JOHN: "OK."

RINGO: "'Cuz we were entertainers before we were money-makers."

JOHN: "That's right, of course. It's just that the press drivels it into you, so you say it 'cuz they like to hear it, you know."

PAUL: "Still, we'd be idiots to say that it isn't a constant inspiration to be making alot of money. It always is, to anyone. I mean, why do big business tycoons stay big business tycoons? It's not because they're inspired at the greatness of big business; they're in it because they're making alot of money at it. We'd be idiots if we pretended we were in it solely for kicks. In the beginning we were, but at the same time we were hoping to make a bit of cash. it's a switch around now, though, from what it used to be. We used to be doing it mainly for kicks and not making alot of money, and now we're making alot of money without too many kicks... except that we happen to like the money we're making. But we still enjoy making records, going on-stage, making films, and all that business."

JOHN: "We love every minute of it, Beatle people!"

PLAYBOY: "As hard-bitten refugees from the Liverpool slums-- according to heart-rending fan magazine biographies-- do you feel prepared to cope with all this sudden wealth?"

PAUL: "We've managed to make the adjustment. Contrary to rumor, you see, none of us was brought up in any slums or in great degrees of poverty. We've always had enough; we've never been starving."

JOHN: "Yeah, we saw those articles in the American fan mags that said, 'Those boys struggled up from the slums..."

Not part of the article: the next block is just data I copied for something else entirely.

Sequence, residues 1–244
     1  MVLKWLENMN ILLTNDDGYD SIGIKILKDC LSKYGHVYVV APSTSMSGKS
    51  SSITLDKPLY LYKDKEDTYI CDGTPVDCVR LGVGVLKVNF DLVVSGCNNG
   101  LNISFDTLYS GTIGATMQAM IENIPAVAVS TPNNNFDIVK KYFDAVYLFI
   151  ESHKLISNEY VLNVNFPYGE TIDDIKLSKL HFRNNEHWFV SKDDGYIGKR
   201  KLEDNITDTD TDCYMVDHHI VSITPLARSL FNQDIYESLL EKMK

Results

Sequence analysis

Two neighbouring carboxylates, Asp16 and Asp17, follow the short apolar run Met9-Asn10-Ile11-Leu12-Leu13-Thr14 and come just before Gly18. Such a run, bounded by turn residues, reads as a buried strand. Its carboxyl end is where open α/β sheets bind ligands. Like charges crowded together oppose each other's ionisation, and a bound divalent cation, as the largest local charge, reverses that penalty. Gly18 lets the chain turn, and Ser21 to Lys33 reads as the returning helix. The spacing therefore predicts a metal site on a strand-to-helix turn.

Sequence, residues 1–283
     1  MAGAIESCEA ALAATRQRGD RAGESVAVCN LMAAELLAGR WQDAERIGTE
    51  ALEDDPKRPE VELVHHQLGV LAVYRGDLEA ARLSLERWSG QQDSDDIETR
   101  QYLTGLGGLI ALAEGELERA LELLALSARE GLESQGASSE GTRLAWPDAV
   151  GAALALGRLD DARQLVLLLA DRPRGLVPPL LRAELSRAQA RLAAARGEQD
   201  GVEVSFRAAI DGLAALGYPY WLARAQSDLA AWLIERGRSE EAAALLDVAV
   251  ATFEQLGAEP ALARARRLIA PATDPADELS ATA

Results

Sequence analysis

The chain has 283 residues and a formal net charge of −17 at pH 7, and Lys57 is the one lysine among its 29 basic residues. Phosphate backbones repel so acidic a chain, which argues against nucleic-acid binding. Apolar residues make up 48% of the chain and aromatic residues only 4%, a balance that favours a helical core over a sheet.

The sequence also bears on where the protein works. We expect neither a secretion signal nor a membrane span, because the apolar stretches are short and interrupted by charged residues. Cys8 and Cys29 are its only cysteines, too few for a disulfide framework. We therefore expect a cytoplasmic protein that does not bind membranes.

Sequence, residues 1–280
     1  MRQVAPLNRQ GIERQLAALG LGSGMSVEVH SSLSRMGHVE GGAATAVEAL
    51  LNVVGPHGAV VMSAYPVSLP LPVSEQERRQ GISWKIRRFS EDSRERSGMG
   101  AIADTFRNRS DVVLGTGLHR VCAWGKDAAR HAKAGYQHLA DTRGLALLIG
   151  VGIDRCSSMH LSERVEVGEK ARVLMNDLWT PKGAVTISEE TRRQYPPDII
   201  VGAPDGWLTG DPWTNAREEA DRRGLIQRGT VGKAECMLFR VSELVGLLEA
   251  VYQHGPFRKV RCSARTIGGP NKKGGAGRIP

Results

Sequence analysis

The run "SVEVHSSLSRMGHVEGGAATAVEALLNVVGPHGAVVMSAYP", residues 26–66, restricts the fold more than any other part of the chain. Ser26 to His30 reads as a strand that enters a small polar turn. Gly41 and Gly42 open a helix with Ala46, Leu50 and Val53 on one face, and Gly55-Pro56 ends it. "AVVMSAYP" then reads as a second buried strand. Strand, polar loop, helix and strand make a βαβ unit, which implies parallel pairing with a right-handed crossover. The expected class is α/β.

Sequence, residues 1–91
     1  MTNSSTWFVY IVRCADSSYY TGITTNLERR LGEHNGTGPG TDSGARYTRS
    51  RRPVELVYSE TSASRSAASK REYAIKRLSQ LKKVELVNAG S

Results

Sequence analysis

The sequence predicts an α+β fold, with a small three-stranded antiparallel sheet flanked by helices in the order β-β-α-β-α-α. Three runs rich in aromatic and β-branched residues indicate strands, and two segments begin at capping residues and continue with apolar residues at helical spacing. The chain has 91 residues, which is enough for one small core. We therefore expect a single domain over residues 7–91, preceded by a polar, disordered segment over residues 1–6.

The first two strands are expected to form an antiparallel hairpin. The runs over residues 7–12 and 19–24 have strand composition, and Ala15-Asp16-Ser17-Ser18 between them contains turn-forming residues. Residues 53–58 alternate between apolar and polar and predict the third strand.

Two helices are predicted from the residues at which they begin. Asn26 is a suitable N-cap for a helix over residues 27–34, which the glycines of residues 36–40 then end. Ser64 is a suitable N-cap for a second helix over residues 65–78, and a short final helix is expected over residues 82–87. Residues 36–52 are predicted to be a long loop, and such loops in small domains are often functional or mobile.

GEORGE: "We never starved. Even Ringo hasn't."

RINGO: "Even I."

PLAYBOY: "What kind of families do you come from?"

GEORGE: "Well, you know, not rich. Just workin' class. They've got jobs... just work."

PLAYBOY: "What does your father do?"

GEORGE: "Well, he doesn't do anything now. He used to be a bus driver..."

JOHN: "In the Merchant Navy."

PLAYBOY: "Do you have any brothers or sisters, George?"

GEORGE: "I've got two brothers."

JOHN: "And no sisters to speak of."

PLAYBOY: "How about you, Paul?"

PAUL: "I've got one brother, and a father who used to be a cotton salesman down in New Orleans, you know. That's probably why I look a bit tanned... But seriously folks.... he occasionally had trouble paying the bills, but it was never, you know, never 'Go out and pick blackberries, son; we're a bit short this week.'"

PLAYBOY: "How about you, John?"

JOHN: "Oh, just the same. I used to have an auntie. And I had a dad whom I couldn't quite find."

RINGO: "John lived with the Mounties."

JOHN: "Yeah, the Mounties. They fed me well. No starvation."

PLAYBOY: "How about your family, Ringo, old man?"

RINGO: "Just workin' class. I was brought up with my mother and me grandparents. And then she married me stepfather when I was 13. All the time she was working. I never starved. I used to get most things."